It is not only the high temperatures in the Lowveld that signify the approach of summer but also the sounds of certain birds. Some birds are residents and are found throughout the year but the sounds of some birds that only visit us in summer will always make you stop to have a second listen and then you realise summer has almost arrived.
Birds do migrate from one area, either from one place to another within the African continent or will migrate from one continent to another and it is one of nature’s greatest wonders. These reasons include but are not limited to, finding the right area to breed and raise their young, to move from areas that have decreasing resources to areas with higher amounts of resources, and the cold temperatures may also be another factor causing birds to move to a more suitable climate.
There are different migratory patterns, I will be highlighting two of the main ones, Intra-African migrants, and Palearctic migrants. Intra-African migration refers to birds that migrate to different areas within the African continent whereas the Palearctic migration refers to birds that migrate longer distances from and to the African continent into areas such as Europe and Southern Asia to name a few.
As we are approaching the beginning of summer, we start to see more of these migratory birds returning to South Africa and we are already hearing and seeing some of the early arrivals. Among these migratory birds, these are some that always catch my attention and I have listed certain prominent species below.
The Woodland Kingfisher is one of my favourite birds. Their loud and piercing “chip – chrerrrrr” call is the most beautiful to listen to and one to look out for at this time of the year. They have a non-mistakable black lower mandible, black legs and much of their feather colouring is referred to as “azure” a colour somewhere in between cyan and blue, and when flying in the sunlight its colours shine brightly catching your eye immediately. One of the most interesting things about these birds is that they migrate at night most likely trying to avoid being seen by predatory birds in the area.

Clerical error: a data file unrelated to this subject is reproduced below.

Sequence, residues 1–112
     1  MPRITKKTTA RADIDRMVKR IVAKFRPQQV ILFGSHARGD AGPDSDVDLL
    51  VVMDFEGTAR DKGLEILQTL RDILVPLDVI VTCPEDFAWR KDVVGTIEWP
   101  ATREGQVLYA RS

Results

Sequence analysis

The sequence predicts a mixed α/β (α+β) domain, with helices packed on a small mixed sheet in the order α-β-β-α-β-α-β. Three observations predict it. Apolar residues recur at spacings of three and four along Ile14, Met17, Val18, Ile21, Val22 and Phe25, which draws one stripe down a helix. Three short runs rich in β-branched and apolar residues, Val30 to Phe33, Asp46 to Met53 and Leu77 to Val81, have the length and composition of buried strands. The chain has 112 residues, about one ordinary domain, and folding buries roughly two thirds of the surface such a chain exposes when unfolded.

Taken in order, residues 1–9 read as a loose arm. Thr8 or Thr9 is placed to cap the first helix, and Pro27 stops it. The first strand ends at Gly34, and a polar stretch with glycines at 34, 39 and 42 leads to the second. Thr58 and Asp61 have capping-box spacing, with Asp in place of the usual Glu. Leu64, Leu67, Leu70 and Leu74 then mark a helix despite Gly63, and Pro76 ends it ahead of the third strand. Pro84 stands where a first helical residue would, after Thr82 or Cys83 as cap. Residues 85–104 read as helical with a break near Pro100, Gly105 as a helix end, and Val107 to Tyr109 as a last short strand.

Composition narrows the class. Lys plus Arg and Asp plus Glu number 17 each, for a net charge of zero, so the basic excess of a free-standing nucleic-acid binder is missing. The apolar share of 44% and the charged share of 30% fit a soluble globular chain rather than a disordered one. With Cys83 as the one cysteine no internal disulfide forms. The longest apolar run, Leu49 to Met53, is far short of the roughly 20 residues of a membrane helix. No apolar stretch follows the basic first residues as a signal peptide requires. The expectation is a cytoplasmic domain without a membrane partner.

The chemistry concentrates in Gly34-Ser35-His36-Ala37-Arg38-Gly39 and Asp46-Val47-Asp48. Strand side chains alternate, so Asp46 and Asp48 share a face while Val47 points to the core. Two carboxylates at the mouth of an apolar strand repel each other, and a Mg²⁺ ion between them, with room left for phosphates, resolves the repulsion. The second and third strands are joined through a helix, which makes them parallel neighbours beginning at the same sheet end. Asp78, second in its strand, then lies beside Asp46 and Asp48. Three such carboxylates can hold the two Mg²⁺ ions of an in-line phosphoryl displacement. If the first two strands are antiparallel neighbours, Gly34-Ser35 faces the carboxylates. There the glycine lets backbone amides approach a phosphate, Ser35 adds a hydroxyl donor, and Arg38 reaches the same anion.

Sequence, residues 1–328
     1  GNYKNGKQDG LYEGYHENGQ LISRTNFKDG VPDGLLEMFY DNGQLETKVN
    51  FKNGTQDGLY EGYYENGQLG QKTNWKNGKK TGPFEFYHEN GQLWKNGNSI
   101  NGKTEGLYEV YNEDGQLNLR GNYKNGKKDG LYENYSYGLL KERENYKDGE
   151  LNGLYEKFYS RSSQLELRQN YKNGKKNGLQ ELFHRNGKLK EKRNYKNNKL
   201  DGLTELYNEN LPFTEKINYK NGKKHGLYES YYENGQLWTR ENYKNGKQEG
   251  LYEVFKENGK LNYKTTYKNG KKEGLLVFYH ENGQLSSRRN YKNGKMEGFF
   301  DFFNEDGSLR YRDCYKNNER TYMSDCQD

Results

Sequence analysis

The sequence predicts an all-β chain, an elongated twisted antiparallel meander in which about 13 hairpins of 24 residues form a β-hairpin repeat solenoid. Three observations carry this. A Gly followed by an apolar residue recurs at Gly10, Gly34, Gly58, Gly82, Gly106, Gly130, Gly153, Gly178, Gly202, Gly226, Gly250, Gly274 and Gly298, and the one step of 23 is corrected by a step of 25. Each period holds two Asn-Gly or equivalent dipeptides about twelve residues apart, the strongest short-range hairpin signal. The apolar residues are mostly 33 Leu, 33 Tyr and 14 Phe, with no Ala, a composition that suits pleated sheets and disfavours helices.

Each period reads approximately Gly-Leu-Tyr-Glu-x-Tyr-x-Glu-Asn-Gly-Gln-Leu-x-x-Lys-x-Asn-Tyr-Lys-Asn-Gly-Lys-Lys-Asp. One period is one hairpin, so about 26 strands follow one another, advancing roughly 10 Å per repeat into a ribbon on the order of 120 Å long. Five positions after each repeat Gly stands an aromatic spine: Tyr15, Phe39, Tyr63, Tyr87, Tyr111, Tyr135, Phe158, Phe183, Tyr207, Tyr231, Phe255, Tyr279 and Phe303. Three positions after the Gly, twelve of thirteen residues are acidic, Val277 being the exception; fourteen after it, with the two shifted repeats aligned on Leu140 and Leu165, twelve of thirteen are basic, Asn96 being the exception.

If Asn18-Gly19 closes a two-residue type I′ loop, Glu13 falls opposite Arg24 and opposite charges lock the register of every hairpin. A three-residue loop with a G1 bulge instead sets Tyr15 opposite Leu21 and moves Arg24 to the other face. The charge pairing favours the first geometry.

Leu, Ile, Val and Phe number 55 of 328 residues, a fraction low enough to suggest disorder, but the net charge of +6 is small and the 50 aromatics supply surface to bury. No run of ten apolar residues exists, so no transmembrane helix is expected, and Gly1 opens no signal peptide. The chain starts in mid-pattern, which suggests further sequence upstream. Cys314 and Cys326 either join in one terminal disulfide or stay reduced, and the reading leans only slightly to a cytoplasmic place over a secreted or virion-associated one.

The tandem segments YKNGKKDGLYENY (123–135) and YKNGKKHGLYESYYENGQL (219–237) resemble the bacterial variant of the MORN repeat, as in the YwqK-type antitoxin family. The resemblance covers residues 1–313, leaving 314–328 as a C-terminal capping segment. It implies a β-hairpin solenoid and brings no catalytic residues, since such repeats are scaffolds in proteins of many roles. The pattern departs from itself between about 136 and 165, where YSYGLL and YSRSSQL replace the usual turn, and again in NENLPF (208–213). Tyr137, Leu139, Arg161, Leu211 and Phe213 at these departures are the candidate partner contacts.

The European Roller is the only species of the Roller’s seen in Southern Africa that breeds in Europe before it takes on the long-distance migration to Africa. They may not be as colourful as the other members of their family, but it is fascinating that they have the ability to fly and navigate their course through many kilometres from sub–Saharan Africa to Europe and vice versa this is why I love this bird.
Next on my list is the Diederik’s Cuckoo: they are an Intra-African breeding migrant, arriving around September to October and then leaving around February. They are usually quite hard to see, but their call is very distinctive. The main reason why this bird is so interesting is because it is known to be a brood parasite, which means that they do not raise their own young but rather lay their eggs in the nest of other bird species, such as the Southern Masked Weaver, leaving that particular bird to raise its chicks for them. This is an incredible, yet strange, reproductive strategy where the Diederik Cuckoo itself does not have to spend its energy raising or finding food for its young, making for quite an unusual sight to see one bird species feeding the chicks of another.
Image by Kevin Vande Vusse (https://ebird.org/species/didcuc1)
The European Bee-eater is another migrant, a Palearctic migrant that breeds in the Southern parts of Europe and North Africa to parts in Southwest Asia. These birds migrate in flocks, and their call is also unmistakable.
They are one of my favourites because of the way they catch their prey. As the name suggests they specialise in eating bees. These birds have long curved beaks that are sharp and perfect for keeping prey in their grip after catching them in flight and then perch on a branch, and in the case of them catching a stinging bee or wasp they rub or sometimes hit the insect to dislodge the stinger against the perch it sits on making it safer to consume.
Image by Carlos Bocos (https://ebird.org/species/eubeat1)
The Southern Carmine Bee-eater is another extremely colourful bird, and much like European Bee-eater they catch insects in mid-air returning to the same perch to ingest however, unlike the European Bee-eater they are an Intra-African migrant. Some cases have been recorded where they use the back of other larger animals as a waiting room for food, and as these large animals disturb insects that lay in the grass, they fly up to catch them, a mobile buffet if you will.
Look out for all these colourful birds as our rainy season approaches, and not only the ones listed here as there are many more that visit us here at Sabi Sabi!